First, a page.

President John Hennessy noted that the center would play an increasingly important role as Stanford focuses on multidisciplinary teaching and research. The university recently announced a campaign, The Stanford Challenge, to educate leaders and fund research that will concentrate multidisciplinary efforts on seeking solutions to a wide range of critical issues facing the world's population.
"Understanding issues of race and ethnicity in America is central to our future as a country," Hennessy said. "Addressing these issues and finding solutions that will improve quality of life for all Americans will require a collaborative, multidisciplinary approach. CCSRE has the range and scholarly talent to pursue these vital questions."
Bobo praised the Raikeses, co-presidents of the foundation, as "committed, ambitious and positive" people. "They're committed to making Stanford an even greater university," he said. "They are committed to enhancing CCSRE's capacity to transform how students who come to this university understand racial and ethnic differences, and to take that experience and go out and change the world."
Jeff Raikes, a Nebraska native, earned a Stanford bachelor's degree in engineering-economic systems in 1980. Tricia, who is from Seattle, graduated from Washington State University. The couple met early in their careers at Microsoft Corp., where Jeff is president of the firm's business division. Their eldest child is a Stanford freshman.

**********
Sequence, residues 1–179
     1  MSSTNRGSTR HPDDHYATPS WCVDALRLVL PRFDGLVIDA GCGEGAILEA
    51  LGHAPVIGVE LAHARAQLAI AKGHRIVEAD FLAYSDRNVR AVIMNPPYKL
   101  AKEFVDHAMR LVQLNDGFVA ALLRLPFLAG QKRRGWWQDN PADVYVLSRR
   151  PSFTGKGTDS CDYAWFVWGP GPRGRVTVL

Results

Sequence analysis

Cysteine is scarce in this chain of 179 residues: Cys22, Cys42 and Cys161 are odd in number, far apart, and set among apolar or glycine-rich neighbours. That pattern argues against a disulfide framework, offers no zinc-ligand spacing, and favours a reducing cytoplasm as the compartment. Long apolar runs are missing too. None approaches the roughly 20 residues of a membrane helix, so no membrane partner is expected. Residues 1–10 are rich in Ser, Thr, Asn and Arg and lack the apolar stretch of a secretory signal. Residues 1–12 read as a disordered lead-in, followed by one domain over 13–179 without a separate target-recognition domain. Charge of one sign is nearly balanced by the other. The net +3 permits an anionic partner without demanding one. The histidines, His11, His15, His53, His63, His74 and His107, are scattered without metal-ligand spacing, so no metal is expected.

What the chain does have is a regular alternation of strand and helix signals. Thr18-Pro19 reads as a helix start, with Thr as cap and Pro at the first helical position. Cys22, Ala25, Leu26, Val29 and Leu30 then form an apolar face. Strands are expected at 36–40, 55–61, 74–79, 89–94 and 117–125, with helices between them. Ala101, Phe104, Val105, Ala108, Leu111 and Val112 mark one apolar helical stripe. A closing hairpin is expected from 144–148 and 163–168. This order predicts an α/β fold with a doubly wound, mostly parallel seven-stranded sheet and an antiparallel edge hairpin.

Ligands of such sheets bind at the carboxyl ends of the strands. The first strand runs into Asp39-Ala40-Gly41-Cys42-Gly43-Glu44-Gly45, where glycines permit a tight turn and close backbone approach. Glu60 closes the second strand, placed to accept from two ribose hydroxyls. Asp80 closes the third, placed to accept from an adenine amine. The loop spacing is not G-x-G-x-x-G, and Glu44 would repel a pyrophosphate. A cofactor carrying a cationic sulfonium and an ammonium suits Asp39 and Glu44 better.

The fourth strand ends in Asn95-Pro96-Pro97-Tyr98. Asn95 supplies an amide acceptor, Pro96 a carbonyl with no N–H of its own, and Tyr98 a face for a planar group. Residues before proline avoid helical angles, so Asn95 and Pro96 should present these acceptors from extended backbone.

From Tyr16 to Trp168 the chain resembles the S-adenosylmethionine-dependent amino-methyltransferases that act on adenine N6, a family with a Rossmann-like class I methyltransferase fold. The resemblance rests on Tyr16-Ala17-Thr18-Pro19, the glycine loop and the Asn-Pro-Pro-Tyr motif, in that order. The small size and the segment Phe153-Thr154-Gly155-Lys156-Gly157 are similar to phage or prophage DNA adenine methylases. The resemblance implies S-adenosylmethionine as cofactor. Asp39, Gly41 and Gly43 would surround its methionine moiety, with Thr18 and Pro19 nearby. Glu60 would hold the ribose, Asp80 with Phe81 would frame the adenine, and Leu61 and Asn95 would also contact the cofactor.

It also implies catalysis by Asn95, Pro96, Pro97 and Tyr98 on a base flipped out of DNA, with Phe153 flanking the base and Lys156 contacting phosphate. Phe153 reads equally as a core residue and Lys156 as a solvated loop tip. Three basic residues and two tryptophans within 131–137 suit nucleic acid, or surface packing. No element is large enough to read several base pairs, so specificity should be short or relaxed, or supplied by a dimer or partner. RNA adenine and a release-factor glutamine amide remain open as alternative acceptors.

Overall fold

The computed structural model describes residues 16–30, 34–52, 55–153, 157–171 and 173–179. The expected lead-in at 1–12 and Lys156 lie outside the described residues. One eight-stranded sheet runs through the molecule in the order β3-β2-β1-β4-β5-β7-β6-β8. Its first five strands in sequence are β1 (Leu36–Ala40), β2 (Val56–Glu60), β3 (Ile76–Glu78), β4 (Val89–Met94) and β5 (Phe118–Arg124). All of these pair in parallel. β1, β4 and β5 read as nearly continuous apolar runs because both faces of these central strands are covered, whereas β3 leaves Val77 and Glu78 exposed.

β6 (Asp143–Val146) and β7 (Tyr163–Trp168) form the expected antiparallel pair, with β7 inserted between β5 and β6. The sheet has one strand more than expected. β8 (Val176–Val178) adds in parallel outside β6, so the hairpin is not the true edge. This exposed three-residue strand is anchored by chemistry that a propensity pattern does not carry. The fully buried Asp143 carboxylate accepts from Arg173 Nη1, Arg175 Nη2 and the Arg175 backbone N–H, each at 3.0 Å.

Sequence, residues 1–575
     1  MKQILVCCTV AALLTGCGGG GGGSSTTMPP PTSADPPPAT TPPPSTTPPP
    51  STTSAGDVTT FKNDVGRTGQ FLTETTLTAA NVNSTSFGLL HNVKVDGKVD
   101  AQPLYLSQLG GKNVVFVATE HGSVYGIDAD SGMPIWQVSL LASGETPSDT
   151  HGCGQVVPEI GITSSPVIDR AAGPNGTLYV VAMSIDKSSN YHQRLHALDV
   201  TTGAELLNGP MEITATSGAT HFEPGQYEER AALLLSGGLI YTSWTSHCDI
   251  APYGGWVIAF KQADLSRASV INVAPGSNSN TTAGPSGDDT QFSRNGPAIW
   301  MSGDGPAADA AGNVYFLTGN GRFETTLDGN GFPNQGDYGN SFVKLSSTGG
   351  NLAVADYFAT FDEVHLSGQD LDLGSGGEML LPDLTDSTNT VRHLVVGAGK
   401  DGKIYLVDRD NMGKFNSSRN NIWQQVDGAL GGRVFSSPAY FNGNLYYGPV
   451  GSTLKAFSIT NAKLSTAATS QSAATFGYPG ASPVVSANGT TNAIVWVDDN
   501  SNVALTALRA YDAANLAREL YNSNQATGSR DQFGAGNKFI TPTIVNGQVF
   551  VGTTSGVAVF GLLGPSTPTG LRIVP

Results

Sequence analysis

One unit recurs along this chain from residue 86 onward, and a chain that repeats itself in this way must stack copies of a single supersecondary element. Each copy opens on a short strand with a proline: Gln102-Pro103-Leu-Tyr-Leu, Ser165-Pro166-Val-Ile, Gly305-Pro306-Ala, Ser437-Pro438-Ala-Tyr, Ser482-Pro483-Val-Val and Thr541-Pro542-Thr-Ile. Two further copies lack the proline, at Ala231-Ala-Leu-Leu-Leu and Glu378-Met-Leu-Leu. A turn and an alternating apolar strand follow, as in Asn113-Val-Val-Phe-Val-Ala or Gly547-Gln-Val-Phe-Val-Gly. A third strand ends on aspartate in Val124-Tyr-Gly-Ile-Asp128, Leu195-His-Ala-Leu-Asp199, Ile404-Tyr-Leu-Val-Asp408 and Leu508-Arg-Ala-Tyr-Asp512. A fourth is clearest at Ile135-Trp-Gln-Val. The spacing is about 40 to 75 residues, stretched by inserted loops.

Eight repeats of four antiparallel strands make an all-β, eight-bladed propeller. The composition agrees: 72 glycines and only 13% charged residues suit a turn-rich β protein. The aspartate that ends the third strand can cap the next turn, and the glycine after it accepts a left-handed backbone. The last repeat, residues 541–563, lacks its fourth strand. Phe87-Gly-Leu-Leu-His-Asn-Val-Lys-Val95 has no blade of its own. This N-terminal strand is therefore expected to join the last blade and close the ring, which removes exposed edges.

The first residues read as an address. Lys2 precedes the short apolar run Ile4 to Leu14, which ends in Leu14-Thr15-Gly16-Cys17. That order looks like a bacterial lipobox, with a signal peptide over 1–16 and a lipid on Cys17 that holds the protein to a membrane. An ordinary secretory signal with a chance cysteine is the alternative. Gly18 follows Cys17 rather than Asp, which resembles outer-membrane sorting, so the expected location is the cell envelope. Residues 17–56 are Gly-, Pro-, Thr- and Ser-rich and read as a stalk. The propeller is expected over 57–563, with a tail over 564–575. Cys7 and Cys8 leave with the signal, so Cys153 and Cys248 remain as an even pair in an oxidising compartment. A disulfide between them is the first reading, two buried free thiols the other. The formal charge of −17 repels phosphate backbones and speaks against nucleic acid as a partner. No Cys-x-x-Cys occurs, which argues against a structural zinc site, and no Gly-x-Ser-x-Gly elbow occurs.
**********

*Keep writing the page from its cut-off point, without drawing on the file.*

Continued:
The Raikeses are involved in community activities focusing on public service, education and children. For example, they serve as co-chairs for the United Way of King County fundraising campaign. In addition to their gift supporting CCSRE, they previously established the Jeff and Tricia Raikes Undergraduate Scholarship Fund to ensure that students admitted to Stanford from rural and inner-city schools have an opportunity to attend the university.
"As our world becomes increasingly interconnected, we need to prepare our young people to be more active citizens and effective leaders," Tricia Raikes said. "CCSRE's groundbreaking work will be influential in setting a new agenda calling for change on Stanford's campus and beyond."
Bobo said the couple, who have closely observed the center's activities, have a deep appreciation of the ways that racial and ethnic differences have often created troubled distinctions in society—creating a source of strife, conflict and acute disadvantage for some. "They very much want to see the major institutions of our society—higher education, government, the nonprofit sector, the business sector—function in ways that deal better with issues of race and ethnicity," he said. "That can start by having a big effect on the minds of the people who are going to be the leaders of the next generation."Origins